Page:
If You Get Too Scared, You Can Always Hit Pause
A heightened fight-or-flight response. A flood of dopamine to the brain. The spine-tingling friction of experiencing danger in a safe environment.
Scientists, psychologists and pop culture pundits have long theorized why we love horror so much. Why do we flock to haunted houses, line up for horror movies or spend the cold fall evenings indoors with scary audiobooks? We’ve even turned our obsession with the macabre into an annual holiday, Halloween. Why do we do that?
The long answer lies somewhere in our shared psychology and biochemistry. But let’s stick with the short answer: being scared is just fun. There's no need to analyze it to death. Horror is one of those genres that offers pure enjoyment, whether you’re listening by yourself or with a group.
This Halloween, Sink Your Teeth into a Scary Title at Audible
This Halloween, stay indoors with a chilling, gripping, thought-provoking horror audiobook or true crime podcast.
If you have kids, make it an event – hang the skeletons and fake spider webs, crack open the candy corn and create a pillow fort in the living room. Follow our list of fun ways to celebrate below to make this Halloween a memorable one.
If you’re home alone, draw a bath, tuck yourself under the covers or listen while you kick back with a blood-red glass of wine. And if you get a phone call, hopefully it isn’t coming from within the house (dun dun DUN!).
To help you craft the creepiest experience possible, we’ve compiled 30 of the finest frightening titles, broken down into easy-to-navigate sections. You’ll find classic horror audiobooks, new horror audiobooks, scary audiobooks for kids, eerie true crime podcasts and more.
And keep the Halloween spirit alive (or shall we say “undead”) throughout the year by listening to all of these fantastic titles. Listen to them in their order of appearance on this list, or skip to the section that best speaks to you.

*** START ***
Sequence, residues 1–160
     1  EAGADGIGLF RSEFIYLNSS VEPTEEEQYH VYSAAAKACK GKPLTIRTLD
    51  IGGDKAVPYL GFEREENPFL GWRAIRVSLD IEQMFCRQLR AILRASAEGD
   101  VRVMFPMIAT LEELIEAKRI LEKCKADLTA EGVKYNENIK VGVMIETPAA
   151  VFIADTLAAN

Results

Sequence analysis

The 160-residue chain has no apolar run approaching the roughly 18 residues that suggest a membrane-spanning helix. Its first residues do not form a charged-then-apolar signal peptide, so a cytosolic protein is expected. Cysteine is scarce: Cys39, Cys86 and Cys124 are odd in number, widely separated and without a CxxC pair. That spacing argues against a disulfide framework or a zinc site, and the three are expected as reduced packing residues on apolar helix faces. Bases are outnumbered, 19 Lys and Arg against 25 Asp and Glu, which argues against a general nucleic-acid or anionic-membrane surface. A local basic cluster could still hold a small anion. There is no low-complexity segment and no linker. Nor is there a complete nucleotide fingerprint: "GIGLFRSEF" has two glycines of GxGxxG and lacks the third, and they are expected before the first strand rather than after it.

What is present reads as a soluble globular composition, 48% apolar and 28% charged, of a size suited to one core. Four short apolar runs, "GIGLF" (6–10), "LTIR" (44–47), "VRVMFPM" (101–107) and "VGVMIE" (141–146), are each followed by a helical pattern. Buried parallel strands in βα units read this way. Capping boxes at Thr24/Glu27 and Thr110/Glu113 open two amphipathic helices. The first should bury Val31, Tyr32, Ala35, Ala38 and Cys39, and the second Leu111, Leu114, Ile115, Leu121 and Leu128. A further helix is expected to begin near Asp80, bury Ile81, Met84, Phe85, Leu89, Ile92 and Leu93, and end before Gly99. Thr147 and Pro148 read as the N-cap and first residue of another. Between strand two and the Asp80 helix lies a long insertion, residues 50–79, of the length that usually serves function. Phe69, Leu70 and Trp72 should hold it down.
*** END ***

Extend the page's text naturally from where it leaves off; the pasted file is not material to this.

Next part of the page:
Without further ado: dim the lights, open the Audible app and sink your teeth into these 30 frightening titles.
Turns out we've always loved a good horror story. Since the days when tales were traded around a communal fire or broadcast over a tiny radio, horror's been a favourite of literature lovers.
And these classic horror stories have lost none of their ability to scare us. Just like vampires, these classic works may be hundreds of years old, but they still have the same vim, vigour and bite.
Whether you’re interested in classic literature or are searching for an old-fashioned fright this Halloween, check out these foundational works from the horror genre's trailblazers. With their vivid settings, haunting tones and timeless characters, they make the perfect accompaniment for a Halloween graveyard stroll or midnight stargaze.
To get the maximum mileage out of these creepy tales, choose a listening location that fits the audiobook. For Dracula, wait until dark and find a hilly, wooded trail evocative of the Transylvanian countryside. Or dim the lights in the basement and turn the volume way up. Many Lovecraft stories take place in fictional New England shore towns, so if you have access to the ocean (a lake or river will do in a pinch) take a night stroll with your headphones. And if you’re listening to Shirley Jackson’s seminal The Haunting of Hill House, find a nearby neighbourhood with old Gothic architecture or sinister-looking houses.
However you choose to experience them, you’ll love these classic works of horror literature.
There are hundreds of puns we could use here (“sink your teeth into Dracula,” “this classic work still has teeth,” “it’s a bloody good audiobook,” etc.) but Bram Stoker’s classic vampire audiobook deserves better.